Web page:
Fighting Leprosy: A Battle Of Over Three Centuries

Dayaseeli (53) was only 21 when she was diagnosed with leprosy—the debilitating infectious disease that causes severely disfiguring sores on the body. Because of the severity of the disease patients are shunned from society, despite modern science having discovered means of curing the disease. 

Dayaseeli remembers to date how her married sister was reluctant to visit her for fear of contracting the disease. And although Dayaseeli was of age, she would never be married herself, as a result of the disease. 

“I could not marry until I was well into my 30s because of my condition. But my husband, amidst all the challenges, has struck through with me. People said he would leave me but he didn’t. He has suffered a lot because of me. When my legs were cut off and I was confined to a wheelchair it was he who took care of me,” Dayaseeli said.
Photo credits: Kris Thomas/ Roar Media

World Leprosy Day

World Leprosy Day is today, the last Sunday of January, chosen by French humanitarian Raoul Follereau to raise global awareness of the disease and the fact that it can be prevented, treated and cured

The second oldest disease known to humankind, a cure for the infection evaded medical practitioners until the 1940s when multidrug therapy was formulated to combat it. 

Spreads via droplets from the nose and mouth during close and frequent contact with untreated cases, leprosy is now completely curable if treated early If however, the infection spreads extensively, the subsequent nerve and tissue damage will have to be treated over a lifetime. 

 “A Leprosy Free Sri Lanka by 2020”

Two years ago, in 2017, the Anti Leprosy Campaign (ALC) commemorated World Leprosy Day by introducing a plan to eradicate leprosy by this year—2020. 

Speaking to ALC Director Dr Champa Aluthweera on the the status of the programme, Roar Media found out however, that the infection—rather than being contained, is spreading. 

“In 2018, ALC recorded 1, 703 patients who tested positive for  the disease, Dr. Aluthweera said. “Since then, the number of new cases remained static at almost 2, 000 cases. Almost 11 percent of the new cases were reported from those who were less than 15 years of age [the global criteria for child leprosy cases is 10 percent]. This is a major challenge.”  

To Dr Aluthweera, the high number of child cases can mean that the infection is spreading. And 2,000 new cases against a population of a little of 21 million is an alarming factor as well, she felt. 

The World Health Organisation (WHO) has identified that the number of new cases of leprosy indicate the degree of continued transmission of infection. Sri Lanka is among the 14 countries with a high turnout of new leprosy cases every year.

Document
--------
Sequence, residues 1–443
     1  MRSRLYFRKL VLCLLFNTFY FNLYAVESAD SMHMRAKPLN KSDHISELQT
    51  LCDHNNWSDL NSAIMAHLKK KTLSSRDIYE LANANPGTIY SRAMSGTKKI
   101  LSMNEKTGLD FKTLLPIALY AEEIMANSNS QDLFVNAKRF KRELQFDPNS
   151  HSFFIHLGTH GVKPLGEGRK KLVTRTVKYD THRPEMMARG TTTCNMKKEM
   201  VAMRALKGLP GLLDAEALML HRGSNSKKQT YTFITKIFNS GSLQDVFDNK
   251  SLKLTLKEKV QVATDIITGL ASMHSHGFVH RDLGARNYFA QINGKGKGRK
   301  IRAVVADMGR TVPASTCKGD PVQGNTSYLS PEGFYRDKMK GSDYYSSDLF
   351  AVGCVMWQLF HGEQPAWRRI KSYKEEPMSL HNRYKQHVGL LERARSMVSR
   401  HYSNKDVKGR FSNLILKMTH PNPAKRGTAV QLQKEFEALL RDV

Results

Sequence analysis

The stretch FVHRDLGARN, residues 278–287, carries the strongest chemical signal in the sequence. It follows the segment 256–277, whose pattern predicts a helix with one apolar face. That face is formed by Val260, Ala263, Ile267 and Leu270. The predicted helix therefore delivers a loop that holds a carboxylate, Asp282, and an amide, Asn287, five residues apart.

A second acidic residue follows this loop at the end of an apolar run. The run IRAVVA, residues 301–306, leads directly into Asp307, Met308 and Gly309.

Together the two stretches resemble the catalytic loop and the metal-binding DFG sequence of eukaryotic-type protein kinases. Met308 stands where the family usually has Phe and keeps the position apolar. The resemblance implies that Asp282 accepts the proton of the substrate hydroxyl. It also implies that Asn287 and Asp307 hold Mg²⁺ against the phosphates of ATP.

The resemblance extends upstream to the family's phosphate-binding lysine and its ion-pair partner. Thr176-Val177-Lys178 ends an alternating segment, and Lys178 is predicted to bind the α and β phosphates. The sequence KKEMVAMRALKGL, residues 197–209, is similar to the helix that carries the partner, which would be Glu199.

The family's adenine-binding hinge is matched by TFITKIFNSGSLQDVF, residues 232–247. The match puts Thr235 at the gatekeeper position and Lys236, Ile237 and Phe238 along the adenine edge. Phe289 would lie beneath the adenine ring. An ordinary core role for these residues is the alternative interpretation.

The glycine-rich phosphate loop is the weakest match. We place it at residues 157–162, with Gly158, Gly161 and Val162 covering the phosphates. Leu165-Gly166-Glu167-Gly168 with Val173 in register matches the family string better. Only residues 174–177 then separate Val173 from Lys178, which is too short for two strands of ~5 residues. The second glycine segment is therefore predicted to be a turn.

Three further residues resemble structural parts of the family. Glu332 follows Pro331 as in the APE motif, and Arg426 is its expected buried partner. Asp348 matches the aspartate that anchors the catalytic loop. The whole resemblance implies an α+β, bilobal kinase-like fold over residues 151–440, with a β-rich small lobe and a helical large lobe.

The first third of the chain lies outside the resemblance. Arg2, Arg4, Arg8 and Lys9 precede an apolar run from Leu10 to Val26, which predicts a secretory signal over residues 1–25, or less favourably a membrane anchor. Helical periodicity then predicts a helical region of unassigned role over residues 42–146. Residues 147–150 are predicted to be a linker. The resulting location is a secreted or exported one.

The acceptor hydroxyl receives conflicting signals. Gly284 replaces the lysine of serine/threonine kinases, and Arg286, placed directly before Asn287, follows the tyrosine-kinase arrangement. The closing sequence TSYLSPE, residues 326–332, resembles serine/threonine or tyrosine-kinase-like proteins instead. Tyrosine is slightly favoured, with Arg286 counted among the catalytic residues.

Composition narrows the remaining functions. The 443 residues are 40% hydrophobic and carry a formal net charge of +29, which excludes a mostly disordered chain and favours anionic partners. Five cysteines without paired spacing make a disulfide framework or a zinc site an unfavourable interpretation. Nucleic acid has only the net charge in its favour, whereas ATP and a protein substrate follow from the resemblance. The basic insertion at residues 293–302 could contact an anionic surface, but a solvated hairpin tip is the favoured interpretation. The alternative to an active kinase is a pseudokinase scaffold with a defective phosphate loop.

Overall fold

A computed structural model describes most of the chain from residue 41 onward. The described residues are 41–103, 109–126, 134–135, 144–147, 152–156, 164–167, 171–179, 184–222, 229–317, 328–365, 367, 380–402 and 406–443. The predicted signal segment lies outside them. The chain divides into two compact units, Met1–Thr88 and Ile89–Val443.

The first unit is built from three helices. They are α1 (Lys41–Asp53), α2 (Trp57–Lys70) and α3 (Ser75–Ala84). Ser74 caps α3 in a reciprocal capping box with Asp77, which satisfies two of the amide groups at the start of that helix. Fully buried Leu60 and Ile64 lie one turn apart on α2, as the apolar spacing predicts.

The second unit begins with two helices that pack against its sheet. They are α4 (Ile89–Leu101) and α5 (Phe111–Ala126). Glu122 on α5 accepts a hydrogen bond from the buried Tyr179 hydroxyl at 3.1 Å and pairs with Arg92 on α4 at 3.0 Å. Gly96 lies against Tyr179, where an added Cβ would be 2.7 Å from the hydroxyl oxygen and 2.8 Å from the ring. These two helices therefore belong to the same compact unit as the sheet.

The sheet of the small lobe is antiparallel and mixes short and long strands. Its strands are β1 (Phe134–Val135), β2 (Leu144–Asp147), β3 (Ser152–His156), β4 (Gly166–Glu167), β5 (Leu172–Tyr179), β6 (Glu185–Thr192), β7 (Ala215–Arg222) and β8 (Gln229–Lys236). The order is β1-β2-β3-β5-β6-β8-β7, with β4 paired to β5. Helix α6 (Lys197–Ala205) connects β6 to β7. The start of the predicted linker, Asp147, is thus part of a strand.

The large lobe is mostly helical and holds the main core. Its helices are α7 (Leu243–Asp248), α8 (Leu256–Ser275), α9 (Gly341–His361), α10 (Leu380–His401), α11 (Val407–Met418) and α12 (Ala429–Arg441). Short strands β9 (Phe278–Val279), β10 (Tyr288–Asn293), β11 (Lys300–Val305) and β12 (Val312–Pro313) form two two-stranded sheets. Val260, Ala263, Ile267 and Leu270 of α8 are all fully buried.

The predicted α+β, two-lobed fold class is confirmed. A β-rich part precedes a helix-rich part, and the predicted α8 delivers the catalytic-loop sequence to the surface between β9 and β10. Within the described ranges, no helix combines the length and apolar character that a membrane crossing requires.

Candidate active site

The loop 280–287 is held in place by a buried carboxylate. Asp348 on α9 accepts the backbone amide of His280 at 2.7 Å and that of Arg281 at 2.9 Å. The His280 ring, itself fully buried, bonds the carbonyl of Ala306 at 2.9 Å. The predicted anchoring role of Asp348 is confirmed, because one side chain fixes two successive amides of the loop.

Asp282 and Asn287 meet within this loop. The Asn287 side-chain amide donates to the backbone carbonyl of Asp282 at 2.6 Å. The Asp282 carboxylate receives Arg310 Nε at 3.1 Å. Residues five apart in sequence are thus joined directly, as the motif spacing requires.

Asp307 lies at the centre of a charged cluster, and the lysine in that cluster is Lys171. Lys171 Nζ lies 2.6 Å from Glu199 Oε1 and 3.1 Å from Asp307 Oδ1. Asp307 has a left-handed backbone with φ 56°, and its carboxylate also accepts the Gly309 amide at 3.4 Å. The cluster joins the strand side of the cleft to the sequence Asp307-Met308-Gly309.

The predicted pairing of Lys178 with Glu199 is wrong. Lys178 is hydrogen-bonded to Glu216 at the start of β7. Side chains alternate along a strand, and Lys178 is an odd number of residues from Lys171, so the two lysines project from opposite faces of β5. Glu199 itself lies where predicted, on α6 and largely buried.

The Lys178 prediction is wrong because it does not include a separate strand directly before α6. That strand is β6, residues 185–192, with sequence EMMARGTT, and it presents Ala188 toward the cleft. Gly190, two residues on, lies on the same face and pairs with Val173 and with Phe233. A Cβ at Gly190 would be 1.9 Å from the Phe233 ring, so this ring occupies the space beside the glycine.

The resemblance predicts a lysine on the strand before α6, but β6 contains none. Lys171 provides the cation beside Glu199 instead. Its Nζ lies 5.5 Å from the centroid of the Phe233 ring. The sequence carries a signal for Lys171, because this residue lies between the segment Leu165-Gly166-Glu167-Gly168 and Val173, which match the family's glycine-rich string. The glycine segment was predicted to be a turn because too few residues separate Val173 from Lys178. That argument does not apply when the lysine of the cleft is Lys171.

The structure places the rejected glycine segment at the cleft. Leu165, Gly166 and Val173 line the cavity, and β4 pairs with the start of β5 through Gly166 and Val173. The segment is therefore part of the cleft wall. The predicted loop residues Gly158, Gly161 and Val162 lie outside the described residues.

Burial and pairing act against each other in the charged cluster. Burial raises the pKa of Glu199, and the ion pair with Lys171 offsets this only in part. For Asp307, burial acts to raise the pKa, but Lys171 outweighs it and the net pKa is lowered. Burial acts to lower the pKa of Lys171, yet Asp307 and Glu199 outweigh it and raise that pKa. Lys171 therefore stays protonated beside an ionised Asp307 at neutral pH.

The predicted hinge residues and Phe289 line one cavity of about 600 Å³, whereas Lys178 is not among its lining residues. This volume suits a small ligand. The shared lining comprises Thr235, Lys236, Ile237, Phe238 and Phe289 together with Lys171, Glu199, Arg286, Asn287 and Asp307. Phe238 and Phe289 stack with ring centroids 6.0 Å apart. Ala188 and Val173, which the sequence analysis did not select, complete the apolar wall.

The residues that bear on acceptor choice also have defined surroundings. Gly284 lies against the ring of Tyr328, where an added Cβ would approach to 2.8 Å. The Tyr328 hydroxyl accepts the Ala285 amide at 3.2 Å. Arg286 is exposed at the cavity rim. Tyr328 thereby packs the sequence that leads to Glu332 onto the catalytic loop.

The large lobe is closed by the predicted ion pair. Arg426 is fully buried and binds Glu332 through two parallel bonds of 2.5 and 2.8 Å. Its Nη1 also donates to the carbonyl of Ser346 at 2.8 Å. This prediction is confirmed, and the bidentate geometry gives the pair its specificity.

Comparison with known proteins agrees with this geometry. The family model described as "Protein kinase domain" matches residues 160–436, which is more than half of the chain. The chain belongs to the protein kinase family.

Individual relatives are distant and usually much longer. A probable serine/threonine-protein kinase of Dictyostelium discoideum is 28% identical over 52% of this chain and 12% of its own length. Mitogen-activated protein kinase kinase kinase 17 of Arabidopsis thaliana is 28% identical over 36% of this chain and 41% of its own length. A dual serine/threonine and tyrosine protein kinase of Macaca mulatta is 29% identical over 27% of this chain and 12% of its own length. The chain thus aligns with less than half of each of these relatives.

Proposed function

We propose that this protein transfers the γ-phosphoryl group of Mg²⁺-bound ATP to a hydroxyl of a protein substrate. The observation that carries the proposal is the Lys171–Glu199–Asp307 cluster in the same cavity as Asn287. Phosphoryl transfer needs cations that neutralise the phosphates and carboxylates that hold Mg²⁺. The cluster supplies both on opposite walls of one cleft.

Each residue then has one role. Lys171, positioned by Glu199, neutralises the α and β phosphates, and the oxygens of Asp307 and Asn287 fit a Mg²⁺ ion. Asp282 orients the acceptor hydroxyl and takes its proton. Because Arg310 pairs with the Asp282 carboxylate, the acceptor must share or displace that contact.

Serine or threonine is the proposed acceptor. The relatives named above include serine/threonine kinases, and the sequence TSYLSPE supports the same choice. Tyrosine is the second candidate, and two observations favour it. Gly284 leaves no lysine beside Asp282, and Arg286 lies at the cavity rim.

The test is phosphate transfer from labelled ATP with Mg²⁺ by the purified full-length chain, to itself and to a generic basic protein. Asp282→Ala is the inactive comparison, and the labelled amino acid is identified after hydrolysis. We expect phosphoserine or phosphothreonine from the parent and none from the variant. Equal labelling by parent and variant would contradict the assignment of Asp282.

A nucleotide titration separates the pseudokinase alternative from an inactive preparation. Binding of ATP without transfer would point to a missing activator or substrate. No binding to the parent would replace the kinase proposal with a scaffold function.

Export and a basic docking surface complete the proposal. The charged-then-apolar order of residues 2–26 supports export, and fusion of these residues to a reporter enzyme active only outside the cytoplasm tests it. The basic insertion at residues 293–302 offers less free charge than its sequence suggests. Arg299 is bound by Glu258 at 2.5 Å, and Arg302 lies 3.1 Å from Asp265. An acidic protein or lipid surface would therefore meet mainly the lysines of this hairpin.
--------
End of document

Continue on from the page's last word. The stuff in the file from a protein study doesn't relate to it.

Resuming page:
Photo credits: WHO

But because symptoms of the disease take long to manifest—sometimes over 20 years, health officials find it hard to declare the disease an epidemic.

And so, despite having eliminated leprosy as a public health problem in 2001, the ALC has failed to reach its goal of eradicating the disease by 2020.

Dr Aluthweera noted, “The World Health Organisation (WHO) has declared Sri Lanka to be a high risk country, due to the increasing number of cases. The high number of new cases, the percentage of child cases and the rise of multibacillary cases has resulted in this decision from the WHO. We suspect that there is a hidden epidemic in the country.”

The Fight Continues

During the time of the Dutch in Ceylon, as this island was known then, leprosy patients were banished to leper colonies, the first of which was established in Hendala in 1708 and is active to this day, housing 29 long term patients long abandoned by their families. 

The second leprosy colony, was a hospital established on the Mantheevu island, in Batticaloa in 1921, where three patients live out their lives in complete isolation.  We wrote about this, in depth, here. 

The deplorable living conditions at the Mantheevu Island Leprosy Hospital.
Photo credits: Roar Media/Kris Thomas 

A treatment for leprosy was not introduced to the country until 1983—and even that, by the ALC. The ALC has continued to drive the treatment programme, which now covers the entire island. All regional health bodies are equipped to identify and treat the disease, Dr Aluthweera said. 

But a stigma still follows the disease. 

Stigma Continues

“Maybe the hardest thing that I had to go through because of this disease was when I was told to leave the family I was serving for 20  years,” Dayawathi (66) told Roar Media

She was diagnosed with the disease when she was 41, and was already married at the time, with two children and a husband earning a daily wage. The diagnosis was an additional blow to the family already struggling with making ends meet. 

“It’s hard to live with a disease,” Dayawathi said.  “When I was told that I can’t work anymore after they amputated my leg, after working 20 years with them, I was terribly sad.” 

“When I was diagnosed, I didn’t want my family to know,” Dayawathi confessed.
Photo credits: Kris Thomas/ Roar Media

“When I was diagnosed, I didn’t want my family to know. But I ended up telling them everything,” she recalled. “I remember the doctor talking to my husband and the rest of the family about how just because I had this disease, does not mean I should be thrown out onto the road. They have taken care of me. I don’t know how I would have survived without my family.” 

“But now I feel as if my other leg is also going through the same thing. The doctors said that I will have to come soon and they will decide what to do. I’m afraid of what they might say,” she said. 

Against the odds, with the support of organisations like the ALC, and Society for Upliftment and Rehabilitation of Leprosy Affected Persons (SUROL), those struck with the disease continue to fight to live. The  battle of over three centuries is, clearly, far from over.

Related Articles